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Senator John F. Kerry waved to a group of photographers at the rim of the Grand Canyon on Aug. 9.
Senator John F. Kerry waved to a group of photographers at the rim of the Grand Canyon on Aug. 9. (Globe Staff Photo / Dina Rudick)

On the trail of Kerry's failed dream

Page 2 of 16 -- On Iraq, Kerry broke from a Senate record of opposing controversial military interventions -- in the 1980s, he fought President Reagan's involvement in Central America; in 1991 he voted against the Persian Gulf War -- to support a 2002 resolution authorizing Bush to use force against Saddam Hussein. But afterward he criticized the invasion and voted against a bill funding troops there.

Kerry was his own handler on Iraq, aides said, and he seemed to draw on his Vietnam experience. "He had a deep, personal aversion to saying plainly that Iraq was a mistake and [that] he would not have gone to war," said one adviser, explaining that Kerry was concerned about the impact on troops in the field. "Coming to grips with that truth, I think that was probably his biggest problem."

The senator firmly believed he was being consistent -- voting yes on the resolution to give the president the clout to resume inspections, but warning Bush not to move hastily. At one point, when aides tried to coax him into a simpler message, he spread papers on the floor to show how the fine points of his arguments fit.

"John got caught with his legalistic and logical mind wanting to make consistency matter, and not let them say [he's] a flip-flopper," said Kerry's longtime friend David Thorne.

Even as aides fretted that Kerry had not found his voice on the issue, they continued to hope that his hybrid position -- maintaining vigilance in a post-9/11 world, but planning more carefully than Bush -- would capture the mood of the country. They were buoyed by the fact that voters in the primaries, when Kerry was also attacked for inconsistency, suddenly moved to his side, as if they had understood him all along.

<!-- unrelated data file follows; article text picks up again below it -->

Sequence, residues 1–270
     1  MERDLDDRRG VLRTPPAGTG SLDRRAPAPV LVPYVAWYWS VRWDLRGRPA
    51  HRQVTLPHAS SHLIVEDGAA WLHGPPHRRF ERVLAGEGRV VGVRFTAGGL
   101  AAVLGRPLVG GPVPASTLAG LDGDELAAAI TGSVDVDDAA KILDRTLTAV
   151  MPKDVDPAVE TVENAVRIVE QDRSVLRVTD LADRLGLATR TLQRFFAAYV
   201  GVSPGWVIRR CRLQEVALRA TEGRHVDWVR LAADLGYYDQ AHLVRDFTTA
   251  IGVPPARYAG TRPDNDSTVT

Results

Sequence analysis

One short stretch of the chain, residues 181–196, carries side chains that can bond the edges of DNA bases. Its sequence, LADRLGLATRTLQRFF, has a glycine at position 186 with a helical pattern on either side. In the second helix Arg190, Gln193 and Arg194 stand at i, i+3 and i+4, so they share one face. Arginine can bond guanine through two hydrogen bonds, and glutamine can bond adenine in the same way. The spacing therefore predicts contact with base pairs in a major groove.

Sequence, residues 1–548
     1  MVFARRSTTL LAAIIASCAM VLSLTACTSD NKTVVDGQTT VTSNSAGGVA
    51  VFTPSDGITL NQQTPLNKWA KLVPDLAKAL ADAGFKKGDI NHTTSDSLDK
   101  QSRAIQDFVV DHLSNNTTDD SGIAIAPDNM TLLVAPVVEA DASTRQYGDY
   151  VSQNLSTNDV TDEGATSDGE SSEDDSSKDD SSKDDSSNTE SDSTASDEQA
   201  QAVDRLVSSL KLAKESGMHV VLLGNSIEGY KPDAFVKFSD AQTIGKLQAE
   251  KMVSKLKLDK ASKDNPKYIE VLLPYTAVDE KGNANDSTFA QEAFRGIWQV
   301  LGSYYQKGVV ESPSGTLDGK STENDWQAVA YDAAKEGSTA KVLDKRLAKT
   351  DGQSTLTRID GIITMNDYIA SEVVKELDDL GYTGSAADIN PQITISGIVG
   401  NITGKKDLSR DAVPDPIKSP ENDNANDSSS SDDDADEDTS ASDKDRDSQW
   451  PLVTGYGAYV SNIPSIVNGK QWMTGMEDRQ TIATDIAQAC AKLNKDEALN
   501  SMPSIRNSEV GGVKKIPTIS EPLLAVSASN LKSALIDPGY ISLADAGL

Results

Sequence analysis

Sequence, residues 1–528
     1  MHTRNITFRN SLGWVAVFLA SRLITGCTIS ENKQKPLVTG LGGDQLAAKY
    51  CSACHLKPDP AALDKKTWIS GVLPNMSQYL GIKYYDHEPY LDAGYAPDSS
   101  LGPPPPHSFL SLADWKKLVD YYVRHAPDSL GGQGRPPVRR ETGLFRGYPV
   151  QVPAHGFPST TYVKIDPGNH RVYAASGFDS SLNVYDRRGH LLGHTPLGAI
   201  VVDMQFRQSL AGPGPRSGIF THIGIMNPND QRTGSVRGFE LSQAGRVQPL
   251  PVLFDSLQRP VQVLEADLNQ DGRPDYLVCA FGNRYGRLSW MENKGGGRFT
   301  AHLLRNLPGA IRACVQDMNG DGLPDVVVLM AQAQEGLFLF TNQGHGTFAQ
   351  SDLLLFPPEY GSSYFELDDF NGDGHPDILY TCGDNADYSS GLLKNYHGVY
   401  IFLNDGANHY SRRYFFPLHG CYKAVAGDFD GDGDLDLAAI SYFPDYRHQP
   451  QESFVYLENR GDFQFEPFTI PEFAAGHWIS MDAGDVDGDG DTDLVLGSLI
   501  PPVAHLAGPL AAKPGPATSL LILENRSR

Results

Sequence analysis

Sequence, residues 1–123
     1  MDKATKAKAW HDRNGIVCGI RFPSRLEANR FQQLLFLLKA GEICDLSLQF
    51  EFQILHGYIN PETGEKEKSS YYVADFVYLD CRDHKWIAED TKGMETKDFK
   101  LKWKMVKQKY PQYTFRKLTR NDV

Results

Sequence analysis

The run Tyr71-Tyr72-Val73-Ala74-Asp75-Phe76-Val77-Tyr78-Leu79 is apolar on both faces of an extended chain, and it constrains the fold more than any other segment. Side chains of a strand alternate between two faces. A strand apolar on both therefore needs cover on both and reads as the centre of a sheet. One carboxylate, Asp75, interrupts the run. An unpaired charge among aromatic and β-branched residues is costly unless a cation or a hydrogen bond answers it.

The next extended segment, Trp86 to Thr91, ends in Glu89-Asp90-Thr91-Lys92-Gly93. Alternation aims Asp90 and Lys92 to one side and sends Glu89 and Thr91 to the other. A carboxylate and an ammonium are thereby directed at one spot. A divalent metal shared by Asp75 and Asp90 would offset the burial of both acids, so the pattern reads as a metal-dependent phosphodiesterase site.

They hoped it would happen again.

But every time Kerry tried to raise the level of attack on Bush over Iraq, he found himself trapped by his own previous vote for the war and the Republicans' relentless depictions of him as inconsistent. "John's complexity hurt him," said his former Yale roommate Daniel Barbiero.

By the time a new team of battle-tested advisers persuaded Kerry to speak in clear, simple terms -- calling Bush's Iraq policy "a colossal failure" -- the dynamics of the campaign were already set.

Bush's critics depict him as simplistic and stubborn. But on Election Day, it became clear that a majority of Americans took comfort in the president's clipped certainty in the face of dangerous times and moral flux. When voters left the polls that Tuesday, they gave the president a 3.5 million lead in the popular vote.

"If there was one most important basis by which Bush won and Kerry lost, it was that Kerry was not seen as a strong enough leader," said Andrew Kohut, president of Pew Research Center. "Not too many people were concerned about Kerry being too liberal or seeing Kerry as a tax-and-spend Democrat. But they were concerned about him as a person who changed his mind too much."   Continued...

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